# Simple Question

Discussion in 'Math' started by Tekker, Oct 16, 2005.

1. ### Tekker Thread Starter Active Member

Apr 22, 2005
33
0
I'm currently taking math 111 right now (algebra) so this should be an easy question to answer for you guys. I haven't had math in over a couple years, and I definitely wasn't very into math at the time so I've long forgotten all this "review" stuff. LOL

Basically, what I want to know is for this equation:

Code ( (Unknown Language)):
1.
2.   1     1     3
3. --- + --- = ----
4.   t     6     2t
5.
Why can't I just invert both sides of the equation and solve for t? When I do that I get:

Code ( (Unknown Language)):
1.
2.                 2t
3. 3 * (t + 6) = ---- * 3
4.                 3
5.
6. 3t + 18 = 2t
7.
8. t = -18..... ???? (the answer is supposed to be 3)
I know what the proper procedure is, I just want to know why this doesn't work, since it apparently doesn't. I know that you can do anything to one side of the equation as long as you do it to the other side as well.... So is there some step or rule that I'm missing here, or am I messing something up when solving for t? I need to know why this doesn't work, so I know when not to use this method.

Thanks.
-tkr

2. ### hgmjr Moderator

Jan 28, 2005
9,030
214
Hi tekker,

Code ( (Unknown Language)):
1.
2. To invert the left side of your equation requires that you invert the left side expression as a whole.
3.
4. Since:
5.
6.      1
7. ----------  does not equal  (t + 6)
8.   1     1
9. --- + ---
10.   t     6
11.
12. Then the techinique you attempted to employ did not yield the correct answer.
13.
Code ( (Unknown Language)):
1.
3.
4.      1               6t
5. ----------  =  ----------
6.   1     1          (t + 6)
7. --- + ---
8.   t     6
9.
10.
Inverting the individual terms in the left side expression is not the same as inverting the expression as a whole.

Math can be a bit tricky but the real key is to solve many example problems so that the rules govening the algebraic manipulation of expressions becomes clear.

At least you were curious enough to try something different to arrive at a solution. That shows you are keen to explore new ways to do things. You should do fine in your Math course with that approach.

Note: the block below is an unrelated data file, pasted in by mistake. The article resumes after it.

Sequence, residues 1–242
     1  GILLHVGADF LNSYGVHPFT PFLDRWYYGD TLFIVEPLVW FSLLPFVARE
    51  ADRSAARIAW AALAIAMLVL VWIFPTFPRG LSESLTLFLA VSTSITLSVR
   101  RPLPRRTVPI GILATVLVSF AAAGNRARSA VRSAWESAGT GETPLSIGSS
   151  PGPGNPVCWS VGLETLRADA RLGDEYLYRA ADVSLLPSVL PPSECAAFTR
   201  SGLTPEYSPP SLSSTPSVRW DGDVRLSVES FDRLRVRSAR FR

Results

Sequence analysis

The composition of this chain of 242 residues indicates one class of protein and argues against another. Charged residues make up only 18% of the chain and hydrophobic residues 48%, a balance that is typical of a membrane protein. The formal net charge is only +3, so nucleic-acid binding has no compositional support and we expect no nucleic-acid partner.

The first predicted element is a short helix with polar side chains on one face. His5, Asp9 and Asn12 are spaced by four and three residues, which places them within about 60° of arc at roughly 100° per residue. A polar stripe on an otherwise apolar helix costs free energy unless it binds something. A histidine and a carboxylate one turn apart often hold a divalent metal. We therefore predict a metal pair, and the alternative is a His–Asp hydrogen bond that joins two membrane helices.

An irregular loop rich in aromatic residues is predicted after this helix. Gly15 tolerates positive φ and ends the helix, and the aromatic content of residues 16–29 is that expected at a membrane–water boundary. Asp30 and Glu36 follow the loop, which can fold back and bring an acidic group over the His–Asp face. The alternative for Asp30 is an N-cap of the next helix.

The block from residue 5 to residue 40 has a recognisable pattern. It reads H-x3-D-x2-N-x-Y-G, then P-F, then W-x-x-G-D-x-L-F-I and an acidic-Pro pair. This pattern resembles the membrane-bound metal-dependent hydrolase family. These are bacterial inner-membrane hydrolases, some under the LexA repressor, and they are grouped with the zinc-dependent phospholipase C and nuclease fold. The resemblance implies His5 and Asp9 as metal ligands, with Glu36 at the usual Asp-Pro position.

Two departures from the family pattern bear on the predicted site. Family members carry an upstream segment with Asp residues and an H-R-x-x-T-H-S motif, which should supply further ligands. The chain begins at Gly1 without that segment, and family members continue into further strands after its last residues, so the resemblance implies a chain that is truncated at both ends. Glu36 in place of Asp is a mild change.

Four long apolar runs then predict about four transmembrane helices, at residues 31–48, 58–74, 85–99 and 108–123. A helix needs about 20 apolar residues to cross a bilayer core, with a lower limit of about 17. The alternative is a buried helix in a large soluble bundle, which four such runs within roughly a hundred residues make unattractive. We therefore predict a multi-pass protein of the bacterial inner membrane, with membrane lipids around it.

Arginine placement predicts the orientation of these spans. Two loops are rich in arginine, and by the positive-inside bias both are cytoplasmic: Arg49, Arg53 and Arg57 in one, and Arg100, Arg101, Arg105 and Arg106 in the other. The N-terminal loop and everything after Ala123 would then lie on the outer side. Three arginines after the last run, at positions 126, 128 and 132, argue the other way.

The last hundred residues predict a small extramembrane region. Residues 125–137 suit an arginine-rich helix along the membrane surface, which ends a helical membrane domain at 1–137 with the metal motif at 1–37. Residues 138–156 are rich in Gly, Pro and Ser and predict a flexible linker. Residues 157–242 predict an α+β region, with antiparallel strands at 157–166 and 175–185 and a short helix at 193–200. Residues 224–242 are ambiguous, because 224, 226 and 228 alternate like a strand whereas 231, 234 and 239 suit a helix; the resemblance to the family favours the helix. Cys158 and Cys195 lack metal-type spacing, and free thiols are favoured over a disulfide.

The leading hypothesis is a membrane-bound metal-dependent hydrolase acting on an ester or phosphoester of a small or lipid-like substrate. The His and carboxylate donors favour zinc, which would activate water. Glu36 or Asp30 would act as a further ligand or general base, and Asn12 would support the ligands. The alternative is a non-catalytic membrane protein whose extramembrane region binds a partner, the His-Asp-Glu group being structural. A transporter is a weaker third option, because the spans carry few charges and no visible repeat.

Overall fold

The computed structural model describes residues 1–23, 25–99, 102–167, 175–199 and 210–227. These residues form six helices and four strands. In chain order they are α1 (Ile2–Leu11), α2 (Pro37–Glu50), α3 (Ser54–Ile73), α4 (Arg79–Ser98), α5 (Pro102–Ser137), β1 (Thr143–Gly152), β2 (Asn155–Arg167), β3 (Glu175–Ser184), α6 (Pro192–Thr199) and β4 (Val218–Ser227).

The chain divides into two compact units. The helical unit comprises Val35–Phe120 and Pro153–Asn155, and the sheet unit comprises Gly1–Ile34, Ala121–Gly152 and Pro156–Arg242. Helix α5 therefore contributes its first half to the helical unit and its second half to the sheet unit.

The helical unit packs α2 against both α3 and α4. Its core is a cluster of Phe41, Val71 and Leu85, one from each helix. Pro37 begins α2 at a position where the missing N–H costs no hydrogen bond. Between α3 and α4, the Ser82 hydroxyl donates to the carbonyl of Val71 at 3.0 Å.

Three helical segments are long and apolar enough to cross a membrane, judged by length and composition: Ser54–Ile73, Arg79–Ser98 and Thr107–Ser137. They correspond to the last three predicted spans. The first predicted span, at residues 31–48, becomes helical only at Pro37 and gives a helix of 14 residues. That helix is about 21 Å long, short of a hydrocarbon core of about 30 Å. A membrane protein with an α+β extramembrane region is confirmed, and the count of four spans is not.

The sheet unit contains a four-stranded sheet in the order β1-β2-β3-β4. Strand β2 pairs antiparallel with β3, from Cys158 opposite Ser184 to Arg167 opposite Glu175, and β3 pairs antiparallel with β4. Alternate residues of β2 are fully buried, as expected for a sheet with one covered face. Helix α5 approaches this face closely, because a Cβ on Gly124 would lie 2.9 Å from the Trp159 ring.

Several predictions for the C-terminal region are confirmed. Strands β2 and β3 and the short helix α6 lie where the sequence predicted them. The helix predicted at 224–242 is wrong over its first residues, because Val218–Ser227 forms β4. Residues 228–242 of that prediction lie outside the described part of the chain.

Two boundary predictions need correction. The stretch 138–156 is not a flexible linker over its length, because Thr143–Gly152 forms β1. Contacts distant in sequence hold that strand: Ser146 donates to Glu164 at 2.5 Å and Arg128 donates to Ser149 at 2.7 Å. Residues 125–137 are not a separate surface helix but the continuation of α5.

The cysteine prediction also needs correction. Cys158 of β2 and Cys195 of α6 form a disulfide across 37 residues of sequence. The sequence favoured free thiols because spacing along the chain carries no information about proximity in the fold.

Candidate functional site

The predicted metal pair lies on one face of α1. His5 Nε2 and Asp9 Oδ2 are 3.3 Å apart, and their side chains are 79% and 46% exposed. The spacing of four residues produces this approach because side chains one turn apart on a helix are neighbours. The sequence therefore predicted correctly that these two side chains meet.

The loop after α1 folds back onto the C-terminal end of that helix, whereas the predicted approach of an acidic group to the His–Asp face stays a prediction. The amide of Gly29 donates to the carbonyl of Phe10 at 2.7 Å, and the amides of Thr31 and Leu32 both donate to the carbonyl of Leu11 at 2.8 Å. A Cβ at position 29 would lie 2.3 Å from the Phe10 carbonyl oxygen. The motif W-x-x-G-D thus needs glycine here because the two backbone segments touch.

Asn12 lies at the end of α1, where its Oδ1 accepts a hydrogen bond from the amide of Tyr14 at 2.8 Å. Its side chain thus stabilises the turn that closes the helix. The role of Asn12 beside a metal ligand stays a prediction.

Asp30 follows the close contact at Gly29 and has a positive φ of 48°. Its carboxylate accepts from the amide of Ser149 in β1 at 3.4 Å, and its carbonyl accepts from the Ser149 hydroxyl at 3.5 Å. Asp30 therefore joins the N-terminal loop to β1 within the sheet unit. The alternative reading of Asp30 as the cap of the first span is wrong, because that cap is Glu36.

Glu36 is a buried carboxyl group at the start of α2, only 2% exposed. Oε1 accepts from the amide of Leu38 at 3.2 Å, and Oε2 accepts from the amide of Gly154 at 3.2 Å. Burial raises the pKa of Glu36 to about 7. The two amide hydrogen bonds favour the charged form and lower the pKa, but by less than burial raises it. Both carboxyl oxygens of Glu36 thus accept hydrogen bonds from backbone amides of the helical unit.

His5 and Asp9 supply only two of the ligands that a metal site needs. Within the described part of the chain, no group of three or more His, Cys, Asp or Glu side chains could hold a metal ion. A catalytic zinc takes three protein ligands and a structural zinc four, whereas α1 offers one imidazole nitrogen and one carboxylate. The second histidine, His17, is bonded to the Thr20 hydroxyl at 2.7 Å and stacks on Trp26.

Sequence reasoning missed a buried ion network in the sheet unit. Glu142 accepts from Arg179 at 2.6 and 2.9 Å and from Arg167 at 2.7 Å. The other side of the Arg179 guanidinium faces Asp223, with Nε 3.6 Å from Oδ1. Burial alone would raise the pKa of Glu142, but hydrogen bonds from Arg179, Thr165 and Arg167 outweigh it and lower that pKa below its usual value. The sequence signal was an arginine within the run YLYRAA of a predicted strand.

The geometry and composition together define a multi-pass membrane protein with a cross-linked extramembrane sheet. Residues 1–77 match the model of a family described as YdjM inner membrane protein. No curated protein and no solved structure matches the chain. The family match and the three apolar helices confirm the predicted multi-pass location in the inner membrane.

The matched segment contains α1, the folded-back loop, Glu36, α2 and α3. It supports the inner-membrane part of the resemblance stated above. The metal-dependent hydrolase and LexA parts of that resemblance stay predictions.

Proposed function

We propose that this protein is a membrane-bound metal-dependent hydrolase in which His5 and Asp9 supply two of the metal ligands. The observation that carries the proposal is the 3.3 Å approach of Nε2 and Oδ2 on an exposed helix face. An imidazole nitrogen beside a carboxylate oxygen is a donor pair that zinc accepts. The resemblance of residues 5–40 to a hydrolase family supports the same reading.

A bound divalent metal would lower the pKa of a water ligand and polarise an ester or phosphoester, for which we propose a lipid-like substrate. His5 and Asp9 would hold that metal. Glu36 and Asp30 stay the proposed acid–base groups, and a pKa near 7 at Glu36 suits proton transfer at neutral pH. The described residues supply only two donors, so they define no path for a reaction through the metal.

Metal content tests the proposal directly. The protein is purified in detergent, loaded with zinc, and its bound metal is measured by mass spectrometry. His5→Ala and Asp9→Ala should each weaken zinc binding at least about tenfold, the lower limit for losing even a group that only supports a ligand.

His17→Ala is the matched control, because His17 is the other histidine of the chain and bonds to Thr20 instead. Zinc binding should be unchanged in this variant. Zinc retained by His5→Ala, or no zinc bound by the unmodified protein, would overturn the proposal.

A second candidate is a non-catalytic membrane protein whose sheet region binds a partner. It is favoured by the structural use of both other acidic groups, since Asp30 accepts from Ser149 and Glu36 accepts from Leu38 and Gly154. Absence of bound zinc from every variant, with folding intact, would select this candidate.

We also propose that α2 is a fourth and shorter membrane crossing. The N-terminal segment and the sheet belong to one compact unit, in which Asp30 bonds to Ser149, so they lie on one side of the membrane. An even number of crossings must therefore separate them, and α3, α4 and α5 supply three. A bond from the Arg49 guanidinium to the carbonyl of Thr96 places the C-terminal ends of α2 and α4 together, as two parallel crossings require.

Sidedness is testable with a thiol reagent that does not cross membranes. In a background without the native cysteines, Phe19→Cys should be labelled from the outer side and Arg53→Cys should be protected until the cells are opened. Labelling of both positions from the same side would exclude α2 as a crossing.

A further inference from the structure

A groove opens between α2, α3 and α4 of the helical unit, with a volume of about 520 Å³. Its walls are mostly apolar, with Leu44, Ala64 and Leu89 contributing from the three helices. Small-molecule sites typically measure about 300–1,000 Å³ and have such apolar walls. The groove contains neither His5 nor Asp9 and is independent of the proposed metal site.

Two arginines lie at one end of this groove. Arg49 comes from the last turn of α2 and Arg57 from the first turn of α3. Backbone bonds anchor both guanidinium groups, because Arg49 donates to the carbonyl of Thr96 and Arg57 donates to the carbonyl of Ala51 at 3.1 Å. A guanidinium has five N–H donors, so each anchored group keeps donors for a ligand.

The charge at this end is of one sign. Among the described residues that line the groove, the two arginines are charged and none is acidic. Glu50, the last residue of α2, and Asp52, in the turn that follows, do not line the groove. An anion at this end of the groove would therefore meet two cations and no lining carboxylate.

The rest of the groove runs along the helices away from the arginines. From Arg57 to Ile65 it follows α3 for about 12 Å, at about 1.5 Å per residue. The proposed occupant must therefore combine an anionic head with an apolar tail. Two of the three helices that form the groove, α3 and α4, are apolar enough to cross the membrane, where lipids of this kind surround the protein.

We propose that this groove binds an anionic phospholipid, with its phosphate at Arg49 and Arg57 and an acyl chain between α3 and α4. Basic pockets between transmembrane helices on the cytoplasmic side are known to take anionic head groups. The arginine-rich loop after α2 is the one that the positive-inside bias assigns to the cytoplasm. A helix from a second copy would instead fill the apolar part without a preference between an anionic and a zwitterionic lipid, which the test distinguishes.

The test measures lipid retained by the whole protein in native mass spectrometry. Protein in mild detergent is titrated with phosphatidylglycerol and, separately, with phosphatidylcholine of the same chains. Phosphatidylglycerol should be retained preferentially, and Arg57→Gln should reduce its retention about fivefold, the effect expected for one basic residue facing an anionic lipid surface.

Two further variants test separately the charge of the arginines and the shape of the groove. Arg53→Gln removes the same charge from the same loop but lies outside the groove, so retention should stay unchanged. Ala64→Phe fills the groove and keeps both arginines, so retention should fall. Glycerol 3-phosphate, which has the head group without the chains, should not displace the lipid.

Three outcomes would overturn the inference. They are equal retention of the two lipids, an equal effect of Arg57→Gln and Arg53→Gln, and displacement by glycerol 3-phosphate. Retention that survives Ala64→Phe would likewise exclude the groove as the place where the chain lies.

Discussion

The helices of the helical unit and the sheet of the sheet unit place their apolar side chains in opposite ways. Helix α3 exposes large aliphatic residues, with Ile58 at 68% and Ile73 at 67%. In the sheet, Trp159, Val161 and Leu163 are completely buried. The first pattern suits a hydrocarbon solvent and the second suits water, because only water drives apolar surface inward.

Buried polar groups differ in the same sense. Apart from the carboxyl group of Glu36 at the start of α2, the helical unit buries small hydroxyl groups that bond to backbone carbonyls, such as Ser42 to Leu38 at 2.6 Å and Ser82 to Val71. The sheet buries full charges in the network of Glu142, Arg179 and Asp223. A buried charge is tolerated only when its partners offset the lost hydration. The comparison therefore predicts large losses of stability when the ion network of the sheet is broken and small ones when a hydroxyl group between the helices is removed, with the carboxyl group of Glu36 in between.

Good Luck,
hgmjr

3. ### Tekker Thread Starter Active Member

Apr 22, 2005
33
0
I did invert the whole expression (on the right side it used to be 3/2t, then I inverted to be 2t/3 with the rest of the equation on the left side)..... That's why I don't understand why it doesn't come out the same.

This math stuff is tricksy.

-tkr

4. ### hgmjr Moderator

Jan 28, 2005
9,030
214
Hi tekker,

You did correctly invert the expression to the right of the equal sign.

By the term "expression as a whole", I was referring to the expression to the left of the equal sign. I can see how my statement could have been interpreted as referring to the entire expression.

I plead guilty to not being clear with my statement.

Code ( (Unknown Language)):
1.
2.  1    1
3. ---- + ----
4.  t    6
5.
6. By adding these two terms you get:
7.
8.  6 + t
9. --------
10.   6t
11.
12. In this quotient form you can them invert this expression along with the term on the right side of the expression and you will arrive at the correct answer the variable t.
13.
14.
hgmjr

5. ### Tekker Thread Starter Active Member

Apr 22, 2005
33
0
Ahhhh..... *Light comes on* Now I get it!

In that form it would probably be easier to just solve it now without inverting, whereas before it appeared easier to just invert to get rid of the fractions. But now it makes sense why that wouldnt work.

Code ( (Unknown Language)):
1.
2.   6 + t     3
3. ------- = ----
4.     6t      2t
5.
6.           18t
7. 6 + t = -----
8.           2t
9.
10. 6 + t = 9
11.
12. t = 3
13.
Fantastic! The way the book mentioned it was to multiply by the lowest common factor (6t) to cancel out the denominator. But in general, this is the way I think. Just solve the problem, so I had to know why my previous solving method didnt work.... and now I know. Thanks a lot! B)

-tkr

6. ### hgmjr Moderator

Jan 28, 2005
9,030
214
Hi tekker,

Those "light bulb" moments are always exciting. The neat part about math is that it is full of them.

Good luck with the remainder of your math studies.

hgmjr

7. ### Tekker Thread Starter Active Member

Apr 22, 2005
33
0
Yep the light bulb moments are great, but the bulb doesn't seem to last for very long. I'm also taking chemistry 201 at the same time so I've got quite a work load this term. Lots of light bulb moments in chemistry also that's for sure.

Thanks. It's funny because before I got really interested in electronics, I probably would have just looked the answer up in the book, wrote the answer down and not given it another thought.... Which is exactly what I did with all of my previous math classes. But now I'm actually looking forward to learning as much as I can about this stuff (and even chemistry) because I know it'll be worth it when I can apply it all to electronics. It's amazing how much more enjoyable it is when you can actually apply it to something you enjoy. I see how knowlegable you guys are here on the forum and it just blows my mind! :wacko: That's the level that I want to get to eventually. B)

-tkr

8. ### hgmjr Moderator

Jan 28, 2005
9,030
214
Hi tekker,

It has been my personal experience that one always excels in any endeavour for which one has a genuine passion.

It sounds like your enthusiasm is high toward the courses you are taking. That will fuel your dedication to the task of absorbing as much knowledge as you can.

One of the most important things you can learn is how to continue to expand your knowledge once you complete your formal studies.

Continue to ask questions along the way.

Good Luck,
hgmjr